By Mike Gold, Daily Nexus, March 5, 1973
Billed as a forum to discuss the proposed airport expansion, a standing-room-only throng which gathered last Thursday evening at Goleta Union School saw instead a war take place.
Loud and lively Maurice Goldman, chairman of the Airport Commission, hurled verbal barrages at three fellow panelists representing various community interest groups: Third District Supervisor James Slater, Tom Stigletts of the Goleta Valley Citizens Planning Group, and Gary Hart, member of the Proposition 20-created Coastline Commission.
Alleging at one point that “this is a propaganda meeting,” Goldman’s major argument for replacement of the airport terminal centered on the structure’s present deficiencies.
He cited the 30-year-old terminal’s lack of healthy eating area, safety features, gas and clean restrooms.
Goldman was joined on the panel by Municipal Airport Manager Robert Shekar, who explained that the Joint-Powers agreement (referring to the 1972 County Board of Supervisors allegiance with the city and county of Santa Barbara — initiated to finance the project) was the best means of financing the terminal expansion.
Emcee Jack Saunders, press secretary for Concerned Citizens for Sensible Growth (CCSG), responded that by this method, county citizens are excluded from the decision process. He added that this “might not be a good time to sink $2.25 million into an expansion project.”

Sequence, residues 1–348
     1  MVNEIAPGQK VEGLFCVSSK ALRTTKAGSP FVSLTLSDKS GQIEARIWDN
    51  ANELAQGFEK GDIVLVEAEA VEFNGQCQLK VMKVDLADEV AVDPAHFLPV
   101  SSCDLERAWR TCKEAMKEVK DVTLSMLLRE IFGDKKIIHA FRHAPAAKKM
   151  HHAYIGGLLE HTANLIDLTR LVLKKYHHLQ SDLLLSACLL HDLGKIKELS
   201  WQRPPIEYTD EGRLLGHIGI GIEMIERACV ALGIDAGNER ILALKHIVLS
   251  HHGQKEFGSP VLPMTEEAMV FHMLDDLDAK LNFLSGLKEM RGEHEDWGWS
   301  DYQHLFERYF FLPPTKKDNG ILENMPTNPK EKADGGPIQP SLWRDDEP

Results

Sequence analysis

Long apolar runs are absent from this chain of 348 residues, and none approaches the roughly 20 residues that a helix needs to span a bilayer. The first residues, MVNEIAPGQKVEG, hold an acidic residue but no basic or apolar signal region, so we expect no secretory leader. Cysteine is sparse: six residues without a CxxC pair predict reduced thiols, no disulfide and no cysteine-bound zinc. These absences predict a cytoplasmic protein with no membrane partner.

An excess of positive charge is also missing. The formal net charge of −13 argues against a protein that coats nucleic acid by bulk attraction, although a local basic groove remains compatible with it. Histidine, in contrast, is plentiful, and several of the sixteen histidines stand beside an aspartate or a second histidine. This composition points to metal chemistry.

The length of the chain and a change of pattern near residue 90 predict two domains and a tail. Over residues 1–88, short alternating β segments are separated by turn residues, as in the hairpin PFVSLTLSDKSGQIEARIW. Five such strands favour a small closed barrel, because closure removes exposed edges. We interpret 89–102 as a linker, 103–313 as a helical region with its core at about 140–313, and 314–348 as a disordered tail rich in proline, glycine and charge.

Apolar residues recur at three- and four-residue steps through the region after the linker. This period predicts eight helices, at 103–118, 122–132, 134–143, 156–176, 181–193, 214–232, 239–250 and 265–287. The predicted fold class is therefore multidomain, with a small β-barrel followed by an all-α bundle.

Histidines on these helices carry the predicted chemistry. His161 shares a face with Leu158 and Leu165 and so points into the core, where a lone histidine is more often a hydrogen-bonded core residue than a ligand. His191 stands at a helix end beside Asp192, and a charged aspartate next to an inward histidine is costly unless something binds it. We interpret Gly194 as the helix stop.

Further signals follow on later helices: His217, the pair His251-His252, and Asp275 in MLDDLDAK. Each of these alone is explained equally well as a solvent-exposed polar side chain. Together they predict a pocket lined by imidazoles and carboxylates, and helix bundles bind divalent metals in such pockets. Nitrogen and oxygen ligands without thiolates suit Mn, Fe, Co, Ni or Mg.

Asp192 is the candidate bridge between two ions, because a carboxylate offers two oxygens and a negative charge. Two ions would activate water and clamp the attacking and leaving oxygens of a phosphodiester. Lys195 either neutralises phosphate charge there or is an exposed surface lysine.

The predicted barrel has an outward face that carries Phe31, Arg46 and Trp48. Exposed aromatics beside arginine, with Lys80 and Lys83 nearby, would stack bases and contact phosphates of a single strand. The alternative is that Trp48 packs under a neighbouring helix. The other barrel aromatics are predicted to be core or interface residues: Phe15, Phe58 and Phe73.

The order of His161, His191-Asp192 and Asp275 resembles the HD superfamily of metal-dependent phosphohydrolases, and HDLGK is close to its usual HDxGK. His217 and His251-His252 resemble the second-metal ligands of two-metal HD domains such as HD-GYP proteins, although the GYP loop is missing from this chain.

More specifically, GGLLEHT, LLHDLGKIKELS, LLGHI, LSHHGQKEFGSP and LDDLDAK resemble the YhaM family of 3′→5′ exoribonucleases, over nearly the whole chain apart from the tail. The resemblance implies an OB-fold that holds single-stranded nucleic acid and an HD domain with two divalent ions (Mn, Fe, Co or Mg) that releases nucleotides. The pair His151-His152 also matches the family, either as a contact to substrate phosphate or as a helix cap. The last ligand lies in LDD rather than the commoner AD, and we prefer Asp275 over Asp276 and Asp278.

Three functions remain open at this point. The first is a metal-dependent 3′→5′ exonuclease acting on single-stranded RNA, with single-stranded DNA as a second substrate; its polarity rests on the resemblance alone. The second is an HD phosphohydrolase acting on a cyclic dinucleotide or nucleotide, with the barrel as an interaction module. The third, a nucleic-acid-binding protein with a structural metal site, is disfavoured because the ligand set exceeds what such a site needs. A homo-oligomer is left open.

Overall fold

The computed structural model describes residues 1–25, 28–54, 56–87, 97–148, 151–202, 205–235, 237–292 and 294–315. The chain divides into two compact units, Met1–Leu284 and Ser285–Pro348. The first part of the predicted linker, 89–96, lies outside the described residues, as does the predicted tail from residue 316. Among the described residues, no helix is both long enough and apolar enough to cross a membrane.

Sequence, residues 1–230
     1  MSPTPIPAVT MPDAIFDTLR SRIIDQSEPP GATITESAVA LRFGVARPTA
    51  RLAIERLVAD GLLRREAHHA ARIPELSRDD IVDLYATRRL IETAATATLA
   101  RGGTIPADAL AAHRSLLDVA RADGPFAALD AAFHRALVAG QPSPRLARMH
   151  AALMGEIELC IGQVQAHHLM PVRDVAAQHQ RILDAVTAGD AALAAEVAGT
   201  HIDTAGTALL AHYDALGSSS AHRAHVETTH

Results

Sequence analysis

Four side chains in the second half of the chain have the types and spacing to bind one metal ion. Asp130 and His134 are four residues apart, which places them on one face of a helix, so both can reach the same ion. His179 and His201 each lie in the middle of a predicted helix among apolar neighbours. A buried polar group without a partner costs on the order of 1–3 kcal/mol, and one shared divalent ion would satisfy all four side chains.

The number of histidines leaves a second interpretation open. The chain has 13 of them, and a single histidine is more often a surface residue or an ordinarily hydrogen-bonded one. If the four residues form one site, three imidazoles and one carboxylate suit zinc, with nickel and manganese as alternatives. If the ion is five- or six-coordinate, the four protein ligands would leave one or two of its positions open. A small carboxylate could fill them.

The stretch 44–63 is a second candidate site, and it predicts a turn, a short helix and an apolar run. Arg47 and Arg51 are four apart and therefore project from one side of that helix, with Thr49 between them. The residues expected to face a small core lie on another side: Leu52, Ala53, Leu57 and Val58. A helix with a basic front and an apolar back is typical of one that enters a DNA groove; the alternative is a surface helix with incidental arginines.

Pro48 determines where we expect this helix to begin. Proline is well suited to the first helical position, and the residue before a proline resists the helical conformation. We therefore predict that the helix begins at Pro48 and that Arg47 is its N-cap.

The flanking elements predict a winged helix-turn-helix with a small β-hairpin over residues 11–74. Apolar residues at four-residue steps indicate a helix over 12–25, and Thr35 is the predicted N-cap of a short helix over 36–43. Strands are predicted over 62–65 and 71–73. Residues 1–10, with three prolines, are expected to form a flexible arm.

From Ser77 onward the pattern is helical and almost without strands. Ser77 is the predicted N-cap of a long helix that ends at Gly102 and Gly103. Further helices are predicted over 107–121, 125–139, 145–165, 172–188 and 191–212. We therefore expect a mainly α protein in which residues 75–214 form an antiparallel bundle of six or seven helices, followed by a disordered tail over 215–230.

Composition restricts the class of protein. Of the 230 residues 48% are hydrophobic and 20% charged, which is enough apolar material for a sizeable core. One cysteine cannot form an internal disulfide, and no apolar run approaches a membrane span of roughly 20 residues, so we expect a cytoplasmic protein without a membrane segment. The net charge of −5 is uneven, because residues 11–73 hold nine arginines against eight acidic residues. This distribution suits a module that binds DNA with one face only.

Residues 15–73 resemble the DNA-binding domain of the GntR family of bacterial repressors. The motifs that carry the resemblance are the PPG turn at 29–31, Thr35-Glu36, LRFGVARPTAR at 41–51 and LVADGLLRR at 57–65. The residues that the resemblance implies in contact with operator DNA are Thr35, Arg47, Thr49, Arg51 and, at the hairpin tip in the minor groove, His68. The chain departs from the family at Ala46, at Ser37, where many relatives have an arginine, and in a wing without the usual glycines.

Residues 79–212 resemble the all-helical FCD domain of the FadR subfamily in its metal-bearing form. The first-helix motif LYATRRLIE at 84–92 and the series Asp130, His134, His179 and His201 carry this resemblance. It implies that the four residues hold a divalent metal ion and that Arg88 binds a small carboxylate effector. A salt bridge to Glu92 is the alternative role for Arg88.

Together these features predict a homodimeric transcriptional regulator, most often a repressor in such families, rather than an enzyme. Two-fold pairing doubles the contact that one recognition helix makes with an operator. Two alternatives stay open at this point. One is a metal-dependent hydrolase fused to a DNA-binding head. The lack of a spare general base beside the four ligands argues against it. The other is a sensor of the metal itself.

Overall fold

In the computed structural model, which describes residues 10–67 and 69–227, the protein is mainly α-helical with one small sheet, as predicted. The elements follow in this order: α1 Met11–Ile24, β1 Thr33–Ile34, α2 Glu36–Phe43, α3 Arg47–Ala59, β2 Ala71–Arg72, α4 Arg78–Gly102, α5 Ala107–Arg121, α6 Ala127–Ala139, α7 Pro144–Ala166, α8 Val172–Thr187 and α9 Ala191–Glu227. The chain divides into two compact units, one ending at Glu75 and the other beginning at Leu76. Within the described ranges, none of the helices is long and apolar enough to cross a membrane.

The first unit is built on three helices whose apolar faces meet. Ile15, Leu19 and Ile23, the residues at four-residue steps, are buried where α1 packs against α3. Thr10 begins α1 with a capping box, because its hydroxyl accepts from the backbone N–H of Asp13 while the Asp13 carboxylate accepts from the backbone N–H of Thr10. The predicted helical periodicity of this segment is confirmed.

Saunders also commented that the 1970 development decision “is not in the spirit of limited growth, which is a relatively new community feeling.”
Disagreeing with Goldman’s “logic and reasoning,” Supervisor Slater voiced his concern that the people presently don’t have any say in an expansion move which affects the entire community.
Like the previous two, Stigletts stated that Goleta Valley citizens would like to be involved.
He went on to say that he was sure the new terminal would not be paid by a raise in taxes but instead by increased commercialization which he claimed may be “to the detriment of the Goleta Valley.”
Hart concluded that since substantial funds have not been invested into airport construction yet, the proposed project should come before his South Central Coast Conservation Commission.
The big problem now, belabored Hart, is that the “demarcation line has not been determined yet.”
Hart was referring to the Proposition 20 passage that specifies the coastal zone, a zone in which no construction should occur, as 1,000 yards from high tide. UCSB Geography Professor Norman Sanders has already interpreted the statement to include the Goleta Slough and therefore make the airport terminal rebuilding, which is within 1,000 yards of the slough, subject to Coastal Commission approval.
Should the project come under the auspices of Hart’s committee, the former Assembly candidate promised that they would insist on “community input and open the airport expansion question to public hearings.”